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Trajectory for Low Energy Buildings - Infrastructure and Customer Impacts

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Proposed changes flowing from Council of Australian Government’s Trajectory for Low Energy Buildings project1 (the trajectory) are expected to reduce annual electricity consumption of new and refurbished residential and commercial premises by 36 TWh by 2050, compared to current standards.

Energy audit and refrigeration upgrade - Radevski Coolstores

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Radevski Coolstores in the Goulburn Valley Victoria is a major supplier of apples and pears to Coles. It undertook a $1.15 million upgrade of 2 cool store systems, to allow the plant to operate on ammonia as a refrigerant, and to use condenser fan speed control (using variable speed drives) to further improve performance. The results were significant: one site recorded 60% reduction in its maximum electrical demand, and the upgrades will cut the company’s energy costs by 25%. 

Energy audits and behaviour change - UnitingCare Community QLD

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UnitingCare Community is a Queensland-based provider of community services. After energy audits were completed on a number of its 297 properties, the organisation began energy efficiency improvements as one of its first initiative. At Gipps Street, electricity consumption was high relative to floor area, until changes were made.

Upgrades and behaviour change - Multicultural Services Centre WA

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When the Multicultural Services Centre of WA conducted an energy audit, air conditioning showed up as a large cost for the community services organisation. Numerous savings have been made since implementing recommendations like: adjusting thermostats to 22°C in winter, and 20°C in summer; regular cleaning of vents, ducts and skylights; task specific cooling via ceiling fans or portable fans; replacing florescent lighting with light emitting diodes (LEDs).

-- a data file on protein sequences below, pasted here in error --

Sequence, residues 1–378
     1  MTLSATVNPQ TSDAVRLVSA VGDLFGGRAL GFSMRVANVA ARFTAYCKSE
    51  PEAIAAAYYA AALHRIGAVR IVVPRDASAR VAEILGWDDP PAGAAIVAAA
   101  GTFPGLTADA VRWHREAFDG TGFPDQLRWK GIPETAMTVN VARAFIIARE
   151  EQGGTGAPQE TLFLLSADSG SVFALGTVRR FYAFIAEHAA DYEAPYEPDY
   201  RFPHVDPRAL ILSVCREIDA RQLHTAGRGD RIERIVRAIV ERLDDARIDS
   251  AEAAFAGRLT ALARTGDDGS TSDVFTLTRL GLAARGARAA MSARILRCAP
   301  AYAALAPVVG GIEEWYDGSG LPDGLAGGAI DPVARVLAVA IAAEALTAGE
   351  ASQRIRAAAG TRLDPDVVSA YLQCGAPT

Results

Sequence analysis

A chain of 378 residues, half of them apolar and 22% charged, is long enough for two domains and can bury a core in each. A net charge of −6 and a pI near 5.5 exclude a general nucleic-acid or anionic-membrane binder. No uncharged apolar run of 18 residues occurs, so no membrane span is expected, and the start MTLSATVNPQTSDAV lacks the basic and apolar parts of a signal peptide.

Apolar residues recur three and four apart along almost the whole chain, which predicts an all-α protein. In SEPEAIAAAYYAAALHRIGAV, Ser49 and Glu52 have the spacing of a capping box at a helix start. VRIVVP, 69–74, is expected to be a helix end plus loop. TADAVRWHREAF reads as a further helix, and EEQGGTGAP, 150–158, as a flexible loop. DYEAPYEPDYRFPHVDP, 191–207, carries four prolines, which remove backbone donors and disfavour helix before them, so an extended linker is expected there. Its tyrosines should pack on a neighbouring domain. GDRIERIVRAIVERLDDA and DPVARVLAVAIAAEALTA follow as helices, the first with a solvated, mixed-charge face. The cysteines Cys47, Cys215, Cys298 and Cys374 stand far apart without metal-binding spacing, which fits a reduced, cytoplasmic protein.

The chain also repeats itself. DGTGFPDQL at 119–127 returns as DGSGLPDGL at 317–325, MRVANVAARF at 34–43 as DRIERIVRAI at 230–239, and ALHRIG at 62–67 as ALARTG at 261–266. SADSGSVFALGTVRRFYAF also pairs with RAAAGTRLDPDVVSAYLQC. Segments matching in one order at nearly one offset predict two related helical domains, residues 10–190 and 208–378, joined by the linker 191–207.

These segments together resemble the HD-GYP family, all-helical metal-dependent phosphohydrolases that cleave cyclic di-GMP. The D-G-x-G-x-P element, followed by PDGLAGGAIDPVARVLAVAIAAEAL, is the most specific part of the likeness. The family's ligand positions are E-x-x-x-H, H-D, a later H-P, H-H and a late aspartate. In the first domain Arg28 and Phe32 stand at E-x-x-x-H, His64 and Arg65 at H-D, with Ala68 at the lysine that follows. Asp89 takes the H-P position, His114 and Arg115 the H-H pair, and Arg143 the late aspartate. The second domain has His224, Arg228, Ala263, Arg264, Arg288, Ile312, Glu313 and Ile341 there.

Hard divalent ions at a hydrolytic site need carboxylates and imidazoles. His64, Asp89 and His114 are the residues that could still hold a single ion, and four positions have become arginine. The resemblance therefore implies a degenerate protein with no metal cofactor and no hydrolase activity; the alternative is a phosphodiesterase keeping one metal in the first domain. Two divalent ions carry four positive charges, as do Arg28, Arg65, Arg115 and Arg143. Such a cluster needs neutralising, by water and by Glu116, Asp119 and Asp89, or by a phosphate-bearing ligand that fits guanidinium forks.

Energy efficiency improvements - Kith and Kin

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Townsville’s Kath and Kin Association provides opportunities for people with psychiatric and physical disabilities, acquired brain injuries, and people with disabilities.

Energy efficiency improvements - St Ambrose Church

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The St Ambrose Church (and its two attached houses) has been part of the Brunswick community for over 140 years. It recently: installed greywater and rainwater systems, insulating ceilings, replaced electric heating with 5 star gas central heating, upgraded lighting, and purchased 100% GreenPower, and has numerous other plans to continue making savings and reducing its environmental footprint. 

Solar PV system installation - Drury Orchards

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To reduce costs at Drury Orchards in South Australia, the company installed a 24 kilowatt (kW) solar photovoltaic system. The system helps offset peak electricity use in a company which spends around 70,000 kilowatt hours (kWh) of electricity a year, at a cost of more than $18,000. The solar investment of $44,000 (including an $18,000 rebate) will help Drury save over $9,500 a year with a payback period of 4.5 years.  

Energy efficiency improvements - Generations Church

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Generations Church, just north of Cairns, comprises a large hall, served by a large commercial chiller unit; a number of small rooms and offices (all with wall air conditioners) and an adjacent building with toilets, kitchen and a community room. An energy assessment show that for an investment of $2550, the top five opportunities to save could be implemented, bringing projected annual savings of $1430.

Energy assessment - Footscray Community Arts Centre

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At the Footscray Community Arts Centre in Footscray, the site includes a heritage listed building and warehouse, and an outdoor amphitheatre and lawn. The site’s annual electricity spend it $27,000 (from an annual usage of 130,000 kWh) plus around $3000 in natural gas cost (from an annual usage of 200,000 MJ). An energy assessment identified this could be reduced by $11,000 per year (39% of annual spend) by implementing the suggested opportunities.